“The true meaning of your words is not what you say, but what you do.”–Frank Sonnenberg
One of my uncle’s favorite sayings was, “Whatever can be said but not practiced is better not said; what can be practiced but not spoken of is better not done.” This wise proverb came to mind while one of those infomercials promoting a multi-level marketing scheme (MLM) played. The spot was one of those notorious 10-minute commercials that YouTube infamously drops into the middle of their videos.
Instead of skipping the commercial right away, I listened to a portion of what the promoter had to say. After a couple of minutes, I clicked “Skip Ads” to resume playing the five minute-long video I originally intended to watch.
The ad pitch was similar to the promises I heard when I was invited to an Amway meeting by one of my coworkers. I ended up buying the starter kit and attended a seminar. It later turned out that I was unable to recruit any “associates” because most of my friends had either been previously recruited or were not interested at all. I was stuck with $100 worth of over-priced merchandise that nobody wanted, including myself. I still own the cheap, blue, plastic tote-tray that contained the merchandise. I use it to store car-care supplies in the basement.
I became very familiar with the MLM because a cousin and a former room mate tried to recruit me into Amway. My esteem towards both of these people diminished after they first denied their invitations were Amway recruitment events, but later had to admit that the meetings were only about Amway.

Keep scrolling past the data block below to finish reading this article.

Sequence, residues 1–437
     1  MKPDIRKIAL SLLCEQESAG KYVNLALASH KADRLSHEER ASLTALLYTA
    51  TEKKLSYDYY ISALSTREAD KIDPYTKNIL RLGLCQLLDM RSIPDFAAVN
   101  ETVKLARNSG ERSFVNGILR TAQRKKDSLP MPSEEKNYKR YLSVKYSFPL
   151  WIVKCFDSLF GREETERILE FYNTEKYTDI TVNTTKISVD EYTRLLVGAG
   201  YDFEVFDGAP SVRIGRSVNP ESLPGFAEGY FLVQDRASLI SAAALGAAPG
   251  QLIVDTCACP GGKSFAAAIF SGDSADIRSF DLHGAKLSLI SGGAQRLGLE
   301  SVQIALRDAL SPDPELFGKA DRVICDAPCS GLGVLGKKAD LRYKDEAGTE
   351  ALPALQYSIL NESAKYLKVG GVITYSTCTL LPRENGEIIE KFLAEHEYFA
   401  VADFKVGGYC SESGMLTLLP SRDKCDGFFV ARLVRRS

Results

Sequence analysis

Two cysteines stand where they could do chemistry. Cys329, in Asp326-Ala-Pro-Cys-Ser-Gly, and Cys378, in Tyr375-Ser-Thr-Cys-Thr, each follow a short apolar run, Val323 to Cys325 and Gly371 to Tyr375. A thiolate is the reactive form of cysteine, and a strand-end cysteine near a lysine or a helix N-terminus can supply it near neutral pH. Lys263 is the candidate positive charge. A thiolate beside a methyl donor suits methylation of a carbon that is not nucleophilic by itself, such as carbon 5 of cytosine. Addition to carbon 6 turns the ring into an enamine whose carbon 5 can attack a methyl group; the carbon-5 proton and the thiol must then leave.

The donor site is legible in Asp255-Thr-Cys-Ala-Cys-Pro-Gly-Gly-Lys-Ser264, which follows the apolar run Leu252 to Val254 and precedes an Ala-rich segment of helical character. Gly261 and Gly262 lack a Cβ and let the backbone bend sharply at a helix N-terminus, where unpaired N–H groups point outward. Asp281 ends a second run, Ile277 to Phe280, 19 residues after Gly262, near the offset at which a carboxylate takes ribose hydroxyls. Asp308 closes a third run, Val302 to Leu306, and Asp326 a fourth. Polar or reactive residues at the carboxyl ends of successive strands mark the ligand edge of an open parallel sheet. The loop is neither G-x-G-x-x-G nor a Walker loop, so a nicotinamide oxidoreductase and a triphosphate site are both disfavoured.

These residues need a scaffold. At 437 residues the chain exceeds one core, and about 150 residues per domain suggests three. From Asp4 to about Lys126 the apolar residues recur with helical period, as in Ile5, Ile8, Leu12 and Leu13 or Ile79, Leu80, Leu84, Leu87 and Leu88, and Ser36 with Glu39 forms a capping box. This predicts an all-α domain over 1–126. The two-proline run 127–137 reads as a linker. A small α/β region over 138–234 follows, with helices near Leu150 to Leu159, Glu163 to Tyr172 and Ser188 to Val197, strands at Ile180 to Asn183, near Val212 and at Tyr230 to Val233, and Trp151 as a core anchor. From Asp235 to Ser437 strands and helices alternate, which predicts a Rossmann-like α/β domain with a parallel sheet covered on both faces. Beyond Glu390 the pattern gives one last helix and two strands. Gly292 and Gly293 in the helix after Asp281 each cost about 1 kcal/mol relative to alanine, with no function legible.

The third meeting, the one brought on by my former room mate, required us to drive 40-miles to the representative’s home. As soon as we entered the house, I saw the blackboard and the typical semi-circle arrangement of folding chairs. I said that I recognized the Amway setup and that I had already been approached twice before. We got back in the car so my friend could take me home. Our trip back to Norfolk was mostly silent. I was miffed that I had requested the night off of work only to discover it was to go to another Amway meeting.
If the former room mate and my cousin had been straight-forward with their invitations, a lot of time and disappointment would have been avoided. Their reputations would not have been tarnished by engaging in deception. It took quite awhile for me to get over the resentment I felt towards them. Skillful, truthful use of words would have prevented these scenarios.
Talking is effortless and often mindless. When words are said, it’s prudent to consider their implied promises. When we establish a habit or practice it’s wise to consider what, who, and how they are affected. These seem like obvious and simple approaches. However, neglect of these principles is too common.
My uncle’s favorite quote reminds us that our words express what is on our minds but our actions reveal what is actually in our hearts. In other words, don’t make promises that can’t be kept. That seems simple enough.
The Blue Jay of Happiness quotes spiritual advisor and metaphysics teacher, Anthon Saint Maarten. “Actions prove who someone is; words just prove who they want to be. If you want to know your true value in someone’s life, mute their words and watch their behavior.”